Age: Late 70s
Net Worth: $650,000,000
Toshio is the founder and CEO of a major Japanese company that manufactures tires that are distributed through subsidiaries worldwide. He started the company over 50 years ago, out of the family’s bicycle repair shop. Although the company is now publicly traded, he owns a controlling interest. Toshio also owns the company’s U.S.-based distribution subsidiary in his own name.
He is married with two sons and a daughter; all are married with children. Toshio’s oldest son is president of the parent company.
The family wealth is primarily in company stock.
Toshio has repeatedly told his tax advisor that he needs to make some major long-term financial decisions, but he continues to put them off. Toshio suggests his advisor “just draft something up”; he’ll look at it when he has time. Toshio feels he’s worked hard enough. He deserves to enjoy spending his free time with his family and grandchildren.
The tax advisor realizes Toshio trusts his judgment and advice. Still he’s uncertain that he can develop all the necessary Financial Alternatives, particularly if they have cross-border implications. Also, the advisor senses there may be personal issues that Toshio doesn’t quite know how to talk about.
The advisor invites The Pacific Bridge Companies (TPBC) to meet with Toshio, having worked with the company with two other clients with succession and cross-border issues.
During the initial phase of the Ohana Methodology, TPBC was able to identify Toshio’s core concerns:
- Toshio wants to leave each of his children an equal portion of his stock. He also wants to maintain the family’s controlling interest to allow his son to succeed him as CEO.
- However, Toshio is worried that once he’s gone, his children’s divergent interests may undermine the family’s dominant position in the company and his son’s opportunity to follow in his footsteps.
- He’s also aware that to pay the U.S. estate and Japanese inheritance taxes, his children could be forced to 1) sell approximately 50% of their inherited shares and lose controlling interest in the company; 2) take out a bank loan to pay the taxes, using their shares as collateral; or 3) sell off part of the company to competitors, perhaps at a reduced price.
- Toshio also doesn’t know how to handle his U.S. assets. Should he give them to his older son to shore up his status in the company or divide them evenly with all three children to avoid favoritism?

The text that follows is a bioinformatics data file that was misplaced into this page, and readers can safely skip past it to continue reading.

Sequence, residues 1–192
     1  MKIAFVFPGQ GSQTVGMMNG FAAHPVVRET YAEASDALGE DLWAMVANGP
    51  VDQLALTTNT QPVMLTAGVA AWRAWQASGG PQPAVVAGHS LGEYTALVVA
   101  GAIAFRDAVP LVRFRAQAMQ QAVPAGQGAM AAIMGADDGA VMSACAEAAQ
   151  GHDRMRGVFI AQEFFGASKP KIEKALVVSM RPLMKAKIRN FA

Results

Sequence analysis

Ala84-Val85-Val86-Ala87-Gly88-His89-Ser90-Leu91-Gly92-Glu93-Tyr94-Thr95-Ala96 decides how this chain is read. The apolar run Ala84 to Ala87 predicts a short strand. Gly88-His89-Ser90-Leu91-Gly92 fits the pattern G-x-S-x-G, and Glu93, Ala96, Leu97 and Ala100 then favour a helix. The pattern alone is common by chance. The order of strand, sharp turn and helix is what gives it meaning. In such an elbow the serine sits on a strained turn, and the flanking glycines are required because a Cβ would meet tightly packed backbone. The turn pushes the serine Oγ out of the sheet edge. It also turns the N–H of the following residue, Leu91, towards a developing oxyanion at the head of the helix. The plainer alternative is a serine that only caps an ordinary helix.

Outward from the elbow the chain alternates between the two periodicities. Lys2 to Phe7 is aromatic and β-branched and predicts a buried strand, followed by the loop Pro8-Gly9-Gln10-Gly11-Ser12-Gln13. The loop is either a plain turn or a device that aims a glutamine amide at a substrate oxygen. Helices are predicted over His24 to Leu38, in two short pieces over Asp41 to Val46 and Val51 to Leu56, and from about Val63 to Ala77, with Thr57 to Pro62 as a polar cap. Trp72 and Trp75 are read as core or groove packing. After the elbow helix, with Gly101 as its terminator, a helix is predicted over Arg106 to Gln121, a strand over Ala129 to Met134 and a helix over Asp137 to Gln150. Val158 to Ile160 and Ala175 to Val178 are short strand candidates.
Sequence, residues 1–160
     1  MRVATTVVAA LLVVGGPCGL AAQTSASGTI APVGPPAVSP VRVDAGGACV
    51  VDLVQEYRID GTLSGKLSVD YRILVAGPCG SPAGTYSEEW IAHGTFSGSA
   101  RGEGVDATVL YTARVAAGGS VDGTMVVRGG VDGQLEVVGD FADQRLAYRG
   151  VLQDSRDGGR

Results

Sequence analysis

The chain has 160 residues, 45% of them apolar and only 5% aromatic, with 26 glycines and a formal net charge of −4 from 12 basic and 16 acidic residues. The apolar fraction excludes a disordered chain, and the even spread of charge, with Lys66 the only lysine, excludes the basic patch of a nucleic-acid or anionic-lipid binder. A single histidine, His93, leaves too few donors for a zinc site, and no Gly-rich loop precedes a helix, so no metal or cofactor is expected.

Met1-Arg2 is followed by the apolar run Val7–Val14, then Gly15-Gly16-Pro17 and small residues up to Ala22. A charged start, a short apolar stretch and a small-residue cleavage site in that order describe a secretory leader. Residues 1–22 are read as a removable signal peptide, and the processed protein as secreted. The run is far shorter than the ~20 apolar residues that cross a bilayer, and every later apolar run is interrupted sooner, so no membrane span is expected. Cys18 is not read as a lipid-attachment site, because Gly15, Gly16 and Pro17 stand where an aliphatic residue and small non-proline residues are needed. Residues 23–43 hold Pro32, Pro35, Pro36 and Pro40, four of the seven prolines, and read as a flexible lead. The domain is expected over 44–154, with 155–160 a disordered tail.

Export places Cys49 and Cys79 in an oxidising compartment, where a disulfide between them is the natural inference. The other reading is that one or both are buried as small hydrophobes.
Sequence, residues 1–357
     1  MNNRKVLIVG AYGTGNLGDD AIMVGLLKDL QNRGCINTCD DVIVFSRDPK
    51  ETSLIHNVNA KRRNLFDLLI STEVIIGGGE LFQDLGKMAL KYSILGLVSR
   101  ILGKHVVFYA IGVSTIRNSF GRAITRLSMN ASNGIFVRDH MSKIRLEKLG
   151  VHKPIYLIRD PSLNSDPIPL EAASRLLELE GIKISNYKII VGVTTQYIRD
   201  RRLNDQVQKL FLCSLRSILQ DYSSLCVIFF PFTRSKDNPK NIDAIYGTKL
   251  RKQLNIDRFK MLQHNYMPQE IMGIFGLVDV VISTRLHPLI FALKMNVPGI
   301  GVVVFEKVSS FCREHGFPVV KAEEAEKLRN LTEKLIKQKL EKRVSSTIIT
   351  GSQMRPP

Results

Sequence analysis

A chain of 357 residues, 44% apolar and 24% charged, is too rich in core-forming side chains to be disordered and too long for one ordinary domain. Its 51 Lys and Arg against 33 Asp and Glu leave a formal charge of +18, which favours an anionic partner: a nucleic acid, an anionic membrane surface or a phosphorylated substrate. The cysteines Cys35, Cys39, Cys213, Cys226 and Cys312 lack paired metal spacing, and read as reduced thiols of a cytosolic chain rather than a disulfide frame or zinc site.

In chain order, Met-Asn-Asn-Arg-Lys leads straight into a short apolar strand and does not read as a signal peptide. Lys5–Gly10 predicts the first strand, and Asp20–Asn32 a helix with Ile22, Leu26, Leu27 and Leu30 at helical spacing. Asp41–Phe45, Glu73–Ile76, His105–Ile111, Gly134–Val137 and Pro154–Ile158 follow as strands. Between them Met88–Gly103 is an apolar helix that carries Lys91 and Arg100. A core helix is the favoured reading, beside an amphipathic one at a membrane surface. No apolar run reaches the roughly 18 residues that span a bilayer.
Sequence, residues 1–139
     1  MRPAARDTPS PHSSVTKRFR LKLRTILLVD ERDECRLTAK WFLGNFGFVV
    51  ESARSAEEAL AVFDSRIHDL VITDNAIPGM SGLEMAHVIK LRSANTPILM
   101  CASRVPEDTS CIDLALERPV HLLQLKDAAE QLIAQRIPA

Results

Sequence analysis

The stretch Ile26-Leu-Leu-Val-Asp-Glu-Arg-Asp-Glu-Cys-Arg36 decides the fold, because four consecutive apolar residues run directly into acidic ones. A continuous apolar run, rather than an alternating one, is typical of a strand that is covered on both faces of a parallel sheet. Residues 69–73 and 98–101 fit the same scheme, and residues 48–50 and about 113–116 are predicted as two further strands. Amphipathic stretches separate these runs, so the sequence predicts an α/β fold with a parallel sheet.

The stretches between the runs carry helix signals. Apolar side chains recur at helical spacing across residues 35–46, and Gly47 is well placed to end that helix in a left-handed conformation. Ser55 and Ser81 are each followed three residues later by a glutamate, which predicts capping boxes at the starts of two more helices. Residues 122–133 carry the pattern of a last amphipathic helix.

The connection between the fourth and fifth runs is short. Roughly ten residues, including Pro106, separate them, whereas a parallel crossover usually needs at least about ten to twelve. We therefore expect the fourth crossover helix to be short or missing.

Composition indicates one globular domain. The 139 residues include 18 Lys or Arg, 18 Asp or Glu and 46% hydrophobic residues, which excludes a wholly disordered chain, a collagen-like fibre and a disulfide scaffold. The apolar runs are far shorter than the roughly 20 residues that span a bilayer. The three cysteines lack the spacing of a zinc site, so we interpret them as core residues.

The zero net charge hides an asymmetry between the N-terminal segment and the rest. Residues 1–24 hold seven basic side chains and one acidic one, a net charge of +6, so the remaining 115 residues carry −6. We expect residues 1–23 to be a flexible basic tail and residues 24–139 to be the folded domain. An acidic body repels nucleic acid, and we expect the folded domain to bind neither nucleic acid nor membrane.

- Finally Toshio wants to reward his long-time executives, specifically those who have helped him succeed. But how can he do that without compromising the family’s stock holdings?
Financial Planning Focus:
Wealth Transfer to Heirs and Future Generations
Business, Executive Compensation and Employee Benefits Planning
The Financial Alternatives and Strategic Planning proposal recommended:
Estate and Inheritance Taxes: To be funded through a lifetime gifting program, transferring personal wealth to the heirs, combined with death benefits from life insurance.
Family Ownership: A Family Office consultant should be engaged to develop a business structure to manage family ownership as well as mediate issues and priorities within the ownership. It is recommended that the U.S. assets be assigned to the Family Office for Financial Alternatives of the ownership and management concerns.
Reward Senior Executives: Creation of an executive compensation plan based on the company’s financial performance, not stock ownership.
Toshio approved plan. The plan addressed appropriately Toshio’s conflict with his international assets and caring for his family and employees. TPBC referred a Family Office consultant and worked with Toshio’s tax advisor and personal attorney to finalize and implement the plan. The Family Office business structure was implemented separately with full participation of Toshio’s children and TPBC providing additional consulting services, supporting services and access to a world of financial products.
Evaluation and Review Schedule: Six months; then annually.
Outcome: Toshio and his family now have a clear methodology and path for securing and managing the family wealth together. This alleviates Toshio’s worry that his company will slip from family control from either a forced sale of stock or dissention among the heirs. Not only is Toshio confident his son will now succeed him; but he is also free to enjoy his family knowing they will be taken care of once he is gone.